Following time in school the rest of the trip will be spent in a vast tract of land in Southern Kenya that is occupied almost exclusively by the Maasai people and includes one of the world’s premier game-viewing safari destinations, the Maasai Mara, where vast numbers of wild animals still roam freely including the “Big Five” lion, leopard, elephant, buffalo and rhino and the people still live lives that have remained largely unchanged for generations.  

Before staying in the Maasai Mara Reserve itself the group will be spending their time as guests of two distinct clans, the Purku and Loita Maasai. John’s association with the people of the area goes back many years and he has been given the local name of Nderekeyia and is an elder of the Lebantera community. This association and the fact that all of the support staff are local means that while the group is in this area they effectively become part of the family and will be afforded the same rights and protection as would be given to any member of the tribe.

The group will be staying close to the village of Lebantera and a camp that has been set up exclusively for Willett’s use with sweeping views south across the Siana Plains and north to the town of Ngoswani and the Loita Hills – the perfect place in which to relax and mix with the people from the village. This is a totally wild camp with animals often passing through. The hills around the camp are home to elephant and buffalo as well as lion, leopard and hyena.

Under the supervision of chief guide Moses Letoluo, with whom John has worked closely for many years, the group will take part in a number of activities that include bush walks with the guides imparting some of their bushcraft skills along the way as well as pointing out some of the local wildlife that is likely to include zebra, giraffe, wildebeest and a number of different antelope species. They will also stop to explain how many of the local plants are used for a wide range of herbal medicines and more practical purposes such as toilet paper and toothbrushes.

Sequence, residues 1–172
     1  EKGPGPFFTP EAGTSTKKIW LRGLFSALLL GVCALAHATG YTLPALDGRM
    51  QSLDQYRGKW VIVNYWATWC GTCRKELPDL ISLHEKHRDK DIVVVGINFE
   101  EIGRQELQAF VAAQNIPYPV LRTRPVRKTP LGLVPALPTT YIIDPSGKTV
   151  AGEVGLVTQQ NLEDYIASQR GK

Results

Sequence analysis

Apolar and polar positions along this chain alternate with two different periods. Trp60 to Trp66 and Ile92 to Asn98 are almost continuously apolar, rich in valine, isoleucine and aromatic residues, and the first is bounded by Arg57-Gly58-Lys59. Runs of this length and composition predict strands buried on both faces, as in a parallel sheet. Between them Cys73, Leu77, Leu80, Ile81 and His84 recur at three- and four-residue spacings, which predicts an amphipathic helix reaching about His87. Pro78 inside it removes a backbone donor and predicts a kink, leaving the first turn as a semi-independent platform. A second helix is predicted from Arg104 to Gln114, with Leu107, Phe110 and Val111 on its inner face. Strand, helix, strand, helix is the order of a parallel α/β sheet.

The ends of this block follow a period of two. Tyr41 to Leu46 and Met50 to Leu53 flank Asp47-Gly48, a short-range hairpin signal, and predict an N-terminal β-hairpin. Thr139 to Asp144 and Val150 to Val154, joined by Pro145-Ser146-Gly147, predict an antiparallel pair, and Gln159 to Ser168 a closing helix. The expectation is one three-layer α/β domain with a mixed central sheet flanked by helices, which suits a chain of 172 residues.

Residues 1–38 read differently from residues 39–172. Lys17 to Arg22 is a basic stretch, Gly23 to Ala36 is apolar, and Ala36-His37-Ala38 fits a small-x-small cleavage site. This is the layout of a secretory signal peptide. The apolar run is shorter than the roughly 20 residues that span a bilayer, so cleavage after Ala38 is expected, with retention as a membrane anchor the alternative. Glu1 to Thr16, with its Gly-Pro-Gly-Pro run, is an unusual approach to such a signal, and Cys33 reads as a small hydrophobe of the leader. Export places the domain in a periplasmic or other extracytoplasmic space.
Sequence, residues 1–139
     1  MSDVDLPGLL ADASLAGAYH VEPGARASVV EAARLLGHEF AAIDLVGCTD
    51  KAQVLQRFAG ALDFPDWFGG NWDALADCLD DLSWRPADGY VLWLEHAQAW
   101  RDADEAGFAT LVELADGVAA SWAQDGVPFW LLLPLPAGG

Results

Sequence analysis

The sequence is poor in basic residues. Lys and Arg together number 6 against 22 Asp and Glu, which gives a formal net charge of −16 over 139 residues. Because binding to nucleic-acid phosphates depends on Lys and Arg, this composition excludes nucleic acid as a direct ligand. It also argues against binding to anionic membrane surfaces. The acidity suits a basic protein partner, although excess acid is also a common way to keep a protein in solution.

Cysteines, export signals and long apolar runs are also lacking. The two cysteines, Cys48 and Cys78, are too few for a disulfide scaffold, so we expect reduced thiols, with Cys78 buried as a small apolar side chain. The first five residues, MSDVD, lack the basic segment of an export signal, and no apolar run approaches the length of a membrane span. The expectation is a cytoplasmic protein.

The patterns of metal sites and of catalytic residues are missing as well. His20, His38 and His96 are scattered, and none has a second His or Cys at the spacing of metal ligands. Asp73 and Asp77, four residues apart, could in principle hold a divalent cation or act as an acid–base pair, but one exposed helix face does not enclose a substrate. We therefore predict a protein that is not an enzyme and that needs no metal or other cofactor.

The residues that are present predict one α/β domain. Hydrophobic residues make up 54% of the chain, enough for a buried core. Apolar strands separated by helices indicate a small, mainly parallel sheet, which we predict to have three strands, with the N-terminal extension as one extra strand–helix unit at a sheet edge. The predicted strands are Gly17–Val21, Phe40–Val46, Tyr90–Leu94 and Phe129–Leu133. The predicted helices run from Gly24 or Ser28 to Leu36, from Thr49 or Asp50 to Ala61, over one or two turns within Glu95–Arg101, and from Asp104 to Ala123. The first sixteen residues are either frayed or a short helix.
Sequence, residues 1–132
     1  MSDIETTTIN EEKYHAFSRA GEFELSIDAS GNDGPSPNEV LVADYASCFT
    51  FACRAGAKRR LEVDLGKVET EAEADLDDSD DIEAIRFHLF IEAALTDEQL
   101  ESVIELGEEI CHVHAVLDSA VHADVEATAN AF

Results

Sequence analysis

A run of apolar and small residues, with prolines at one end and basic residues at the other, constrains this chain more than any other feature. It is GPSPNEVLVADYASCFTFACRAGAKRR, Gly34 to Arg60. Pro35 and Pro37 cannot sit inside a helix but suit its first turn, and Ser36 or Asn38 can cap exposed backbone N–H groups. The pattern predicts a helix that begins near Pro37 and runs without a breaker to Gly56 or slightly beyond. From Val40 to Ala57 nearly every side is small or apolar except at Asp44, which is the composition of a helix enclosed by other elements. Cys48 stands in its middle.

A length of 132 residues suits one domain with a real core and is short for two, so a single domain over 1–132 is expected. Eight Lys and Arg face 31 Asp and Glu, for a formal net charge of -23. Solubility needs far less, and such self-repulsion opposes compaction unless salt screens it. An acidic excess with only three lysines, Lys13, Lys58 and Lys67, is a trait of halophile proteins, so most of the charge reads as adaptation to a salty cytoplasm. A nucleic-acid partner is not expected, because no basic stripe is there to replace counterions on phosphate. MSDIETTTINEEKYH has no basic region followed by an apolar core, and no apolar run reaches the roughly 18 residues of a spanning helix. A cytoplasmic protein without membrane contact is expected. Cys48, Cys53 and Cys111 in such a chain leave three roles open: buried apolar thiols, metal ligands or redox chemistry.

A full day at Lebantera will allow the group plenty of time to enjoy their surroundings with a visit to a local school and the chance to take part in warrior training, a bit like dodgeball only using a particular plant rather than a ball.

After warrior training the group will be guests of the village and be welcomed by the women singing and performing traditional dances. This will be followed by a tour of the village and the houses, built entirely from local materials by the women. At this time of day the cattle, sheep and goat herds are brought into the village to keep them safe from nocturnal predators such as lion and leopard. Those who fancy it will be able to try their hands at milking a goat, something that few people manage successfully at their first attempt, much to the amusement of the local people.

As dusk is falling the village will slaughter and barbecue a sheep in honour of their guests and there will be more singing and dancing. It will also be the perfect occasion for people to talk to the women and children of the village and learn more about their ancient way of life.